LONDON - The idea of building a UK biotechnology cluster around one of the world's premier genomics research institutes was stopped because the government refused planning permission for the development around the Wellcome Genome Campus in Cambridge.

The refusal, after two public inquiries, came in the same month the government published results of its investigation into factors that promote the growth of clusters and announced grant aid to encourage their formation.

The planning application was submitted by the medical research charity, the Wellcome Trust, which set up the Wellcome campus to house the UK's contribution to the Human Genome Project. The campus also is home to the European Bioinformatics Research Institute. The trust's vision was for a #100 million (US$160 million) development at the site to provide 40,000 square meters of office and laboratory accommodation for genomics companies spun out of the research institutes, and others attracted to the area by the proximity of some of the leading genomics researchers. The trust estimated the site would create 1,000 jobs.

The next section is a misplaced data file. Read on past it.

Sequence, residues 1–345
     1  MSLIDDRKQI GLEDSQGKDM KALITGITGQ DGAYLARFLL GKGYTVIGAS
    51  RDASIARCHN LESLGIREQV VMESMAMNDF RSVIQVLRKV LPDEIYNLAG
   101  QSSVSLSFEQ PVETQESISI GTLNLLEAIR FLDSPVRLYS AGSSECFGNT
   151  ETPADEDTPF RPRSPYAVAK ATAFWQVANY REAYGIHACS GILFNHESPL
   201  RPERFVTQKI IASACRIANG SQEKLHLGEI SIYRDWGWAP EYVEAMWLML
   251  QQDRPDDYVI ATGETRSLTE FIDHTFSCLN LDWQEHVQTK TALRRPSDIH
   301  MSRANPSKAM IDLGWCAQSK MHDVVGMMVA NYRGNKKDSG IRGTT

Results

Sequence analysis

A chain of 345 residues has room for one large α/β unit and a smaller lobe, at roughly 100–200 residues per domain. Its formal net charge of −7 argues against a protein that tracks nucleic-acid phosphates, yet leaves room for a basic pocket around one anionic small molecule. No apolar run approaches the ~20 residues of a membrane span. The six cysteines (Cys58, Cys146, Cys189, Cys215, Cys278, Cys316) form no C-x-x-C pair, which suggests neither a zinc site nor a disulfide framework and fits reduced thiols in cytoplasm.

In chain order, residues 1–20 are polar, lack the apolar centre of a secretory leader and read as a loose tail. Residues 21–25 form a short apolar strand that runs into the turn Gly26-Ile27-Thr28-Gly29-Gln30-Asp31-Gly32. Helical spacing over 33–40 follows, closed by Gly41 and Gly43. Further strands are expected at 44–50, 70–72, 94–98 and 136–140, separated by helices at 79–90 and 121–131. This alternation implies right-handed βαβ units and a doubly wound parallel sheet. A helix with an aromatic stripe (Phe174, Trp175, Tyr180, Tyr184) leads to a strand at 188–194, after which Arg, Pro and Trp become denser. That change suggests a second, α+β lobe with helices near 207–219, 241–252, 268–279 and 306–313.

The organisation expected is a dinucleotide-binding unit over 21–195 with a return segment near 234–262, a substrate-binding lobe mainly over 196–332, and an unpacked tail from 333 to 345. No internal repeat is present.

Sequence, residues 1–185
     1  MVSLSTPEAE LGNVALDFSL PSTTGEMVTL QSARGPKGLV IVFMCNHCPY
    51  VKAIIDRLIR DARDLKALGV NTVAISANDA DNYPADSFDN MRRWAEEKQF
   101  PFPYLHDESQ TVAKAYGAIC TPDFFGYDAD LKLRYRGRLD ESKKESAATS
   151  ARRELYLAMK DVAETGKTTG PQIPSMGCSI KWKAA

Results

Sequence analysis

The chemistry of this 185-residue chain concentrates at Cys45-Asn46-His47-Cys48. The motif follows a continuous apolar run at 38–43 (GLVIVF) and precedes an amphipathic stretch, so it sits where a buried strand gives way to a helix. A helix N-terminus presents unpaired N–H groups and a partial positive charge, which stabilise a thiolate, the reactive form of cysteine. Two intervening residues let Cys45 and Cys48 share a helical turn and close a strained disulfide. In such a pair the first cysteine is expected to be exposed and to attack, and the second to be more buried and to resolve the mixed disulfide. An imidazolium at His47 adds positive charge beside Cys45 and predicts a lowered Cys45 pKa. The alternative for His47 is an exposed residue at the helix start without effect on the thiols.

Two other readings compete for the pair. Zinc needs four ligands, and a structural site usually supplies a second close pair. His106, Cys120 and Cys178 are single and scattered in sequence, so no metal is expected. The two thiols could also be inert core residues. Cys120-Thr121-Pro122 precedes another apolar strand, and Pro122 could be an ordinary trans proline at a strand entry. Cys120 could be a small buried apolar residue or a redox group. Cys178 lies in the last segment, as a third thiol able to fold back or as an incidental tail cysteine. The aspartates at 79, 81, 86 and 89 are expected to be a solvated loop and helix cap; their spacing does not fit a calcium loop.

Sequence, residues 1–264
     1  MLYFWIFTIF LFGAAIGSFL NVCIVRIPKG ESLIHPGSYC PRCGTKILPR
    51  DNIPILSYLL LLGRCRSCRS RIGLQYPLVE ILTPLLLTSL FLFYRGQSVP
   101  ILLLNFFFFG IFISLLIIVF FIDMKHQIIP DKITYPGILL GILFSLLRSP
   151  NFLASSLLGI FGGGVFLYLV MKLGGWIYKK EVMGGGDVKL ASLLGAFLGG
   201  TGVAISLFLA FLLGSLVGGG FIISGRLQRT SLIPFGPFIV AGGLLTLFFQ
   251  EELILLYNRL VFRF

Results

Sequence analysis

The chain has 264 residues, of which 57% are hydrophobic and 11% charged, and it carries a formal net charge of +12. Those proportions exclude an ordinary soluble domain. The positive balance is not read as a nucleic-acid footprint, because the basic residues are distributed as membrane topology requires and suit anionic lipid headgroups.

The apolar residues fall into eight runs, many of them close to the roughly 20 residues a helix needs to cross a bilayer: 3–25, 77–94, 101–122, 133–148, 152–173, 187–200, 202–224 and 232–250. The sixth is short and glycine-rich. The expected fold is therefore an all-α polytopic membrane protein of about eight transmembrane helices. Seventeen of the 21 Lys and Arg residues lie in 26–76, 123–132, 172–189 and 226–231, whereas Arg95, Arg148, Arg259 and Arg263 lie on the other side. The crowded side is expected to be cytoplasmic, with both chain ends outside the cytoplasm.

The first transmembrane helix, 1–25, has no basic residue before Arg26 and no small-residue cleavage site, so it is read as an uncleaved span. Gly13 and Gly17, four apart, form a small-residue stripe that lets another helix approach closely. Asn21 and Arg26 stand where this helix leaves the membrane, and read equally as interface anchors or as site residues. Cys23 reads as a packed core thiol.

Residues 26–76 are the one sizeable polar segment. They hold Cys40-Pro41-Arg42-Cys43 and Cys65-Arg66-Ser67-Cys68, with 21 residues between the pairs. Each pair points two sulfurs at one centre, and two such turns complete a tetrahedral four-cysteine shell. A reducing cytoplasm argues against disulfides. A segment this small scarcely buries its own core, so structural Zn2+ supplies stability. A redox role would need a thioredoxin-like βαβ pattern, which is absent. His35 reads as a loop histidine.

As the process of seeking approval has dragged on, the Wellcome Trust has said refusal would signal the government is not truly committed to the development of the UK biotech sector, and that the UK would lose its lead in genomics.

In refusing to let the plan go ahead, the government stressed it was not against biotechnology or such clusters per se, but that the development would not have been appropriate in this part of Cambridge, which is not zoned for commercial use. The Wellcome Trust, the world's largest medical charity, puts more money into biomedical research than the government.

The government has asked the Wellcome Trust to submit scaled-down plans for the site.